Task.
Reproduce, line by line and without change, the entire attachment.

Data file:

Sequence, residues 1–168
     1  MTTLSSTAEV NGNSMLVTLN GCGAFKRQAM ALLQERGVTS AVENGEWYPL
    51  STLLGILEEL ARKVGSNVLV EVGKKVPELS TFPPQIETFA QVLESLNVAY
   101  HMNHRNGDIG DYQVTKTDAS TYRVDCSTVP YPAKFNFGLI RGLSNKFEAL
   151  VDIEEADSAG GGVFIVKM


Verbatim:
Sequence, residues 1–168
     1  MTTLSSTAEV NGNSMLVTLN GCGAFKRQAM ALLQERGVTS AVENGEWYPL
    51  STLLGILEEL ARKVGSNVLV EVGKKVPELS TFPPQIETFA QVLESLNVAY
   101  HMNHRNGDIG DYQVTKTDAS TYRVDCSTVP YPAKFNFGLI RGLSNKFEAL
   151  VDIEEADSAG GGVFIVKM